MS. DAVIS: I think there is two things you can point to for why the Supercommittee failed. The first is that it was a poor construct from the start. The idea that came together over the summertime when we were facing an earlier crisis over the debt ceiling. And this idea was put together as a last minute ditch effort by Harry Reid, the Senate majority leader, to come up with additional deficit reduction measures.

The idea that 12 members appointed by their leadership and in many ways beholden to them could solve a problem that the broader Congress could not solve is flawed in itself.

The second point, which Senator John Kerry alluded to, is that on the two issues Congress needs to address to really address the deficit question, the tax rates, particularly the Bush tax cuts that are a point of contention, and Medicare, there was never any real give by either side, despite the finger-pointing that’s there, blaming one or the other. Republicans did put a certain amount of revenues on the table. Democrats did put a certain amount of Medicare cuts on the table, but they never really got to the red meat of the problem.

So the idea that they failed is not surprising, but it is terribly bad policy for what’s going to happen next, which is if they don’t solve it before January 12, we’re going to have an automatic across-the-board cut of $1.2 trillion that there’s almost universal agreement that that’s a bad idea.

MR. DICKERSON: David, when we’ve seen this drama before, we’ve had several of these brinksmanship moments, always people said, well, the economy could crater if there’s not a deal. In this case, there didn’t seem to be that sense of urgency with the economy. Is that the way you see it?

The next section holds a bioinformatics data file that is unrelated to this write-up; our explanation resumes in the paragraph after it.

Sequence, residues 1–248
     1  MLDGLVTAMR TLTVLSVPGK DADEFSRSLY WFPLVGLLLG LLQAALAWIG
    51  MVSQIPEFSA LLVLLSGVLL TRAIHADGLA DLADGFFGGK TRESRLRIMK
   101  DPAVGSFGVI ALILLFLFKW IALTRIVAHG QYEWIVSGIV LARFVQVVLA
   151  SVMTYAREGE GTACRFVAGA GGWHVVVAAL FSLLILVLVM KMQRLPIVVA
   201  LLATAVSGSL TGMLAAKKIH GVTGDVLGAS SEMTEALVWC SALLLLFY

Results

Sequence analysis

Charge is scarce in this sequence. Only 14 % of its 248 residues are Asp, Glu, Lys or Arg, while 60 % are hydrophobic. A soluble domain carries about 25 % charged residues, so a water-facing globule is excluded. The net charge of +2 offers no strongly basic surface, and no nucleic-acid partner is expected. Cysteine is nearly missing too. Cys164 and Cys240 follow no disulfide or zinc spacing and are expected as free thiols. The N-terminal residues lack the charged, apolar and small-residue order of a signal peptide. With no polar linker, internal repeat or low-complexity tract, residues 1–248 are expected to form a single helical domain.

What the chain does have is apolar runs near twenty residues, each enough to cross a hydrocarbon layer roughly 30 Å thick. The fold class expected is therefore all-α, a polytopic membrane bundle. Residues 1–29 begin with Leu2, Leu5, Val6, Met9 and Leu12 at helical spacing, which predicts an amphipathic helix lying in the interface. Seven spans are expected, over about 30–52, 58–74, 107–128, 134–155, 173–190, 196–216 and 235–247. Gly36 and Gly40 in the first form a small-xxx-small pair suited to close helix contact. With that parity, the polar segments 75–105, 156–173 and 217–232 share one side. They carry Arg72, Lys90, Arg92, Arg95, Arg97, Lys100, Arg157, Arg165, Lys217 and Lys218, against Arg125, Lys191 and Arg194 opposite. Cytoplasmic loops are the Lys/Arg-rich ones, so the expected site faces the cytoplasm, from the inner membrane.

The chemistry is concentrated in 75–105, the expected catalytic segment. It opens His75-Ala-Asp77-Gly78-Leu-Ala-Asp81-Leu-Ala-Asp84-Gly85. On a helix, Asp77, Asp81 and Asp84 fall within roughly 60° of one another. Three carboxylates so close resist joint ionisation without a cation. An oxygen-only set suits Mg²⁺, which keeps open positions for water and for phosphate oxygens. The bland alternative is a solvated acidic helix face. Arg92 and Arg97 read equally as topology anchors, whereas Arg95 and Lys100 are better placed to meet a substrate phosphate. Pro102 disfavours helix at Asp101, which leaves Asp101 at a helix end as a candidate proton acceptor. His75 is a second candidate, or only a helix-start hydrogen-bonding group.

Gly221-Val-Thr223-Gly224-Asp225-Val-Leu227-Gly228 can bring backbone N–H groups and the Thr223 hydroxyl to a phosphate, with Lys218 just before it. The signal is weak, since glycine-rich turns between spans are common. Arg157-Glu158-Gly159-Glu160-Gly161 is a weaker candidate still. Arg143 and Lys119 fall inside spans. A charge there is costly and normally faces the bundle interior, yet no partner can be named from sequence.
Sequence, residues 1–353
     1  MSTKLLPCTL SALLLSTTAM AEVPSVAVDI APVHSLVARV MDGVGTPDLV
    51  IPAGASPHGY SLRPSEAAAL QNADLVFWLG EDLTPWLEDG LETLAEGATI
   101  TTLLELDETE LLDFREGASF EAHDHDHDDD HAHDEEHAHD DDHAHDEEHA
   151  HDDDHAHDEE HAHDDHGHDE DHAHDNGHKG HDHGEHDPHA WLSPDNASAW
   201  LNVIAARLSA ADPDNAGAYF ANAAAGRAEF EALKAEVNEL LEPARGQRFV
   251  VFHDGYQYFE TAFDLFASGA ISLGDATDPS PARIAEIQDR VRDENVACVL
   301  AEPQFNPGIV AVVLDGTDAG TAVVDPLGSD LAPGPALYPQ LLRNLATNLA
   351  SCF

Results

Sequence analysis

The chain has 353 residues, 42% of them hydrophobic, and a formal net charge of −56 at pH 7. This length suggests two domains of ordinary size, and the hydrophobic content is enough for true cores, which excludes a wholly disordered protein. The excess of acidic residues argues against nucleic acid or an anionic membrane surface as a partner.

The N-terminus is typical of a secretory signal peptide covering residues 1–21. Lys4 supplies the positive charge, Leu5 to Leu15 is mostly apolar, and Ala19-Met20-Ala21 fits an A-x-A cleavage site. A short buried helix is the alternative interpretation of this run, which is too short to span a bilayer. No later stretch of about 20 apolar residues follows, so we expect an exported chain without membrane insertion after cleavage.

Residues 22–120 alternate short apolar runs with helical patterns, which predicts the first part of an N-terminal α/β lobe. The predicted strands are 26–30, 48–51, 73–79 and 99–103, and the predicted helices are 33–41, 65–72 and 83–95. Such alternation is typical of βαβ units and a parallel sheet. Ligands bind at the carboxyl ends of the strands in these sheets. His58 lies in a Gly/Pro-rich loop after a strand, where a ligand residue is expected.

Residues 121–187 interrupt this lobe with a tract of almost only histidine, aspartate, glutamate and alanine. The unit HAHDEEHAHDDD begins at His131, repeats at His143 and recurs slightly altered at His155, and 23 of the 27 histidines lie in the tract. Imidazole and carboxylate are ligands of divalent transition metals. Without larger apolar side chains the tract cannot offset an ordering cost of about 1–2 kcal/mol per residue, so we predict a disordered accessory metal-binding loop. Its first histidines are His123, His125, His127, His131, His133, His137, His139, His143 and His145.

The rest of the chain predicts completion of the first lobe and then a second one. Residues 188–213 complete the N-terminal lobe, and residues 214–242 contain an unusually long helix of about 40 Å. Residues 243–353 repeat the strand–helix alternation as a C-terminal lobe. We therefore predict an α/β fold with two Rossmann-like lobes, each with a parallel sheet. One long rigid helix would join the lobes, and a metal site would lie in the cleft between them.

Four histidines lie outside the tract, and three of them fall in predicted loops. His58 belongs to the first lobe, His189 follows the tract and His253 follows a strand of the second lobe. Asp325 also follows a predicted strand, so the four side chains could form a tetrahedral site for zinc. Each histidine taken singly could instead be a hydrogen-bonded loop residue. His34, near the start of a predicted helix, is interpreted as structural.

MR. WESSEL: Well, I think that’s right. It did demonstrate once again the dysfunction of Washington on this really big, long-term issue, but I think that the reason that the markets, while they reacted negatively didn’t react more severely was they didn’t really expect anything to happen here.

The other thing that’s going on is for every embarrassment, every instance of gridlock here in Washington, the Europeans have six of them. And so the markets are so focused on this complete collapse of the European system that they’re kind of ignoring Washington and that’s given the members of Congress a pass because they don’t feel quite as much pressure to actually do something. And the test of that is that the U.S. government can still borrow almost unlimited amounts of money for 10 years at less than 2 percent. No other country in the world can do that. Even Germany is beginning to run into trouble.

MS. BORGER: What about the possibility of sort of undoing these automatic spending cuts in defense and social spending that are supposed to take effect in 2013. There’s talk Republicans want to undo all of these defense cuts. Isn’t there a – the president said he would veto it, but isn’t there a problem in the Republican Party if you want to undo the defense cuts, but yet you’re fiscally conservative?